“Central Intelligence” is Rock solid funny.
The story about two guys who went to high school together connecting 20 years later always had potential to create laughs. The key was finding someone with enough comedy muscle to work with Kevin Hart.
That comes through Dwayne Johnson.
Hart and Johnson go together so perfectly it’s like they were comedy twins separated at birth. The fact they work so well together makes “Central Intelligence” smart and entertaining. It also demands a sequel.
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Johnson plays Bob Stone, who 20 years ago was the humiliating target of bullies. The only person in high school who showed him any kindness was the high school’s most popular student, Calvin Joyner (Hart).
Although Joyner married the woman of his dreams (Danielle Nicolet), he does not have the life he expected. On the eve of their 20th class reunion, Stone shows up asking Joyner for help with an accounting matter.
Stone is different. He has grown into a man mountain of muscle. He’s still hanging on to some of the geeky ways that made him a target of bullies (“Sixteen Candles” is his favorite movie).
Joyner soon learns Stone is in the CIA, and depending on whom you want to believe he’s either tracking the man who killed his partner or he’s wanted for the murder of his partner. It’s up to Joyner to decide whether or not he’s going to trust his high school classmate.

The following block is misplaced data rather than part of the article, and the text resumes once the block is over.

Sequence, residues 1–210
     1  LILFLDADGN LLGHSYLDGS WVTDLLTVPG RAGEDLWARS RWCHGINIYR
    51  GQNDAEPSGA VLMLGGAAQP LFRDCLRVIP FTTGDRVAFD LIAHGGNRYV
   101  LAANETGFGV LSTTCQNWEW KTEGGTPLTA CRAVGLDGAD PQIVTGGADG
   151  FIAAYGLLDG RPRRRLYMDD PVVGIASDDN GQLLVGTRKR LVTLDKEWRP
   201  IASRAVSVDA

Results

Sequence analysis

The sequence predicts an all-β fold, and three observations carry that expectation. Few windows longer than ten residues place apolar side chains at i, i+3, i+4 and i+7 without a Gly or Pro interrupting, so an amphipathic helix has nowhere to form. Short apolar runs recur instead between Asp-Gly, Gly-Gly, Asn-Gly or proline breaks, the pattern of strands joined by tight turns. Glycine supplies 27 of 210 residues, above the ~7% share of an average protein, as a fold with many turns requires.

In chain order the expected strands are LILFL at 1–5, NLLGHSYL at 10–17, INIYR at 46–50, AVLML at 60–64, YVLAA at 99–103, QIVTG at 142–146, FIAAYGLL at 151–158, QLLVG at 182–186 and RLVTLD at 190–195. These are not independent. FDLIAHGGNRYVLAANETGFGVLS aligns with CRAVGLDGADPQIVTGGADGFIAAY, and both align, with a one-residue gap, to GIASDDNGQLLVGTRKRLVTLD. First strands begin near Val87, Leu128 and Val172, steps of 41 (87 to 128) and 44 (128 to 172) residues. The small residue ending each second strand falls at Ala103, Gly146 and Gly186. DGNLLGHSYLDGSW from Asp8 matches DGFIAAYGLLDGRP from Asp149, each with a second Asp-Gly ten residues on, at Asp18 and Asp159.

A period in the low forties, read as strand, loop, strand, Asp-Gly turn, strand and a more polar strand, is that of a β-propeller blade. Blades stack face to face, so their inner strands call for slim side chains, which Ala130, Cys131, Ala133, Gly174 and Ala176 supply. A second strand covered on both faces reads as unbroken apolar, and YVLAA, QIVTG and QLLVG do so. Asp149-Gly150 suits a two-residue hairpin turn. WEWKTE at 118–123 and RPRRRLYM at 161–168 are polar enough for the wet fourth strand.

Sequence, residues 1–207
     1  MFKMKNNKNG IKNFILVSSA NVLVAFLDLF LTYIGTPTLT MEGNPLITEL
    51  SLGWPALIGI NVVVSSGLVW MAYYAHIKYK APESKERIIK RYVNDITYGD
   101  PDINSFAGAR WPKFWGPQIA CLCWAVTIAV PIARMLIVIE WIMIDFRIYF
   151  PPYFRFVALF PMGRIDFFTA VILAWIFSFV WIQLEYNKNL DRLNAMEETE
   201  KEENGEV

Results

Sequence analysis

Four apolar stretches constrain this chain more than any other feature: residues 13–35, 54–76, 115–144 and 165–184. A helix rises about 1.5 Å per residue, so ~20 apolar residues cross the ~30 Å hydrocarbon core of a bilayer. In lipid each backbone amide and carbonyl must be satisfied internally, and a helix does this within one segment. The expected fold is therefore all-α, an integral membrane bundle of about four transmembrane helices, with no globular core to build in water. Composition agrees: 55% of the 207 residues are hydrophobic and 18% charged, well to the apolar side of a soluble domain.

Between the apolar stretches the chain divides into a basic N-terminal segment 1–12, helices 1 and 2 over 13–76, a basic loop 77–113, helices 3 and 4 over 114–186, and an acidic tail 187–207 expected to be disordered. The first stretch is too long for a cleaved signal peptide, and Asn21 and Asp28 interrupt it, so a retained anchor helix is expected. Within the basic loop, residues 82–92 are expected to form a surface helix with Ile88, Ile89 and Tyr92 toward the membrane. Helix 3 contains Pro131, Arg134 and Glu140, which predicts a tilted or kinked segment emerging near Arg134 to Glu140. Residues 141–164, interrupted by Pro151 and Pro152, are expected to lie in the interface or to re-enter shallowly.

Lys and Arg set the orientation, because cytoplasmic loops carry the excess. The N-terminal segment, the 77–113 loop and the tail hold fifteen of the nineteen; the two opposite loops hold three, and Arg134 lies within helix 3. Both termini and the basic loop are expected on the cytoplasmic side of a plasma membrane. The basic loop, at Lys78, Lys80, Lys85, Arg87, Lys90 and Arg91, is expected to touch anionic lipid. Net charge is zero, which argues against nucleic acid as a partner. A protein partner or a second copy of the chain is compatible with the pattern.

What makes Johnson so great is his dry sense of humor. He also gives the movie the action punch it needed.
Hart is funny. The only concern in his movies is whether he is given so much free rein that his performance ends up as an endless series of rants.
Director Rawson Marshall Thurber (“Dodgeball: A True Underdog Story”) allows Hart to play scenes with high energy. But he never allows him to completely fall into annoying rant mode. The result: This is one of Hart’s the best acting jobs.
Thurber’s script, written with Ike Barinholtz and David Stassen, doesn’t depend on muscle-bound jokes and mixes in plenty of smart writing. At one point, Stone tells Joyner he looks “like a black Will Smith.” In the scene where it is suggested Joyner go to couple’s therapy, he explains that African Americans don’t go to therapy to talk: “We go to the barbershop to talk. Or we watch ‘Barbershop.’”
The dumbest moments in “Central Intelligence” are the opening and closing sequences. Johnson’s character needed to be established as a high school loser and a new man by the reunion. Both sequences play clunky and don’t move as smoothly as the rest of the film.
The main reason the movie works is the chemistry between Johnson and Hart. They are like Bud Abbott and Lou Costello on steroids. It’s obvious the two men have a bond, even when they are running from a hail of bullets.
Toss in some fun cameos and “Central Intelligence” has all the elements to make it the funniest film to hit theaters this summer. After mind-numbing efforts like “Popstar: Never Stop Never Stopping,” it’s a joy to be reminded there are some smart people making movies like “Central Intelligence.”